Montreal Canadiens: What Makes A Rebuild Work?

2023 Upper Deck NHL Draft - Rounds 2-7
2023 Upper Deck NHL Draft - Rounds 2-7 / Bruce Bennett/GettyImages

The Montreal Canadiens rebuild is upon us, and it seems obvious that Kent Hughes and Jeff Gorton's vision for the team is to get younger.

A direct result of getting younger, and growing a young core for the future, is trading veterans. I have faced a ton of flack for suggesting that certain veterans get traded from the team. I don't believe an explanation to be necessary, but I like to keep the relationship with the A Winning Habit viewership healthy.

With that we march onwards and upwards, a trend the the Canadiens are looking to follow as well. Simply put, if a player in the current lineup garners interest, who happens to be a little older than the core, Hughes should listen. The youth are pushing through, and the battle tested way to build a contender is through drafting and asset management.

There are a few prospects who aren't very far away from pushing towards NHL roles, and the ones who aren't quite ready can take an Uber over to Laval. Mike Matheson, David Savard, Sean Monahan and Josh Anderson are just a handful of names that make sense to move when their value is high. Anderson has been dragging his feet through the mud, and Savard just returned from injury, but Matheson and Monahan could command a lot of interest.

Hughes has shown a willingness to move players, and ensure they go where they are most comfortable. Not only does he respectfully trade players, but he also gets great returns. Tyler Toffoli, Artturri Lehkonen, Ben Chiarot and Jeff Petry are just a few examples.

The Canadiens could stand to gain a lot, if they can get their hands on an additional 2024 first-round pick or two. There are no guarantees with later picks, but if there's a player available that Hughes wants, having his own first paired with an additional first and maybe a prospect like Jordan Harris could prove crucial. There are some very skilled players available for the 2024 Draft, and if the Habs can get a top 10 pick that would be great, but trading into the top three to five range could be massive for the Canadiens.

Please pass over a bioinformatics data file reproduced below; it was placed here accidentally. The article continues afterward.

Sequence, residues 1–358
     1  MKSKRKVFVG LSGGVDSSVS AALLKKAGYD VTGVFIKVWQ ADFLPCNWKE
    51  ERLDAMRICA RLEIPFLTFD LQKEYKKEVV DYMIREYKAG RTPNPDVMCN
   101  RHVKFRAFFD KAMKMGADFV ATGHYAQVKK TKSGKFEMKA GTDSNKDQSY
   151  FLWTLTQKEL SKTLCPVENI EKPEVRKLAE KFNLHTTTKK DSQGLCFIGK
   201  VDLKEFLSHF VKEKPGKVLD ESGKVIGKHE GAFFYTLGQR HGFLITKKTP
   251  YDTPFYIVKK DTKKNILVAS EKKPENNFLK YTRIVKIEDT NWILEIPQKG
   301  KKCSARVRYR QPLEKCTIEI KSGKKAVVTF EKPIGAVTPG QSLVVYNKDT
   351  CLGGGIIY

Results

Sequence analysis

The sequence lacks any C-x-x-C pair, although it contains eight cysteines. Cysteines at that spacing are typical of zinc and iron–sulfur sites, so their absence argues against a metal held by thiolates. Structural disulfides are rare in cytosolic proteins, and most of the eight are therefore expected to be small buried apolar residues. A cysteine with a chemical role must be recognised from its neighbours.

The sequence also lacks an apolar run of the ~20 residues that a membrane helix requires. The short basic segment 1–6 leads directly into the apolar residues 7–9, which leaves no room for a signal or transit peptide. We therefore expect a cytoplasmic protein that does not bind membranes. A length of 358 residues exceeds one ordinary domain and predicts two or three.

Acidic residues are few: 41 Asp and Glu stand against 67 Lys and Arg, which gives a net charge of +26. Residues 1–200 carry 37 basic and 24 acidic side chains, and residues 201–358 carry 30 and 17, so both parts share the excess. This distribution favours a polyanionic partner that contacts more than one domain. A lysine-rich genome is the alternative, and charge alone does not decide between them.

In my personal opinion, aside from Macklin Celebrini it is anybody's guess who goes where from number two and on. The real draft begins after Celebrini gets picked, and if the Habs had the opportunity they would no doubt select him. But being realistic, it's more likely that the Canadiens pick between 2-10.

There are some pieces put into place on the blueline, with Kaiden Guhle, Jayden Struble, Logan Mailloux, Lane Hutson, David Reinbacher and Justin Barron. So too, the Habs have some forwards that will carry the torch -Nick Suzuki, Kirby Dach, Cole Caufield, Juraj Slafkovsky and Alex Newhook. Now that is only five forwards, and there are guys like Jesse Ylonen, Emil Heineman and Joshua Roy with potential to help out in the top nine.

But one more piece, a player that can put the puck in the net, just like Caufield can. I would rather move a Monahan or a Matheson for a high pick or a close-to NHL-ready prospect. There are a ton of under-25 players that could feel nice in Montreal, and there are some intriguing prospects available in the first round of the '24 Draft.

Stock Up On Your Picks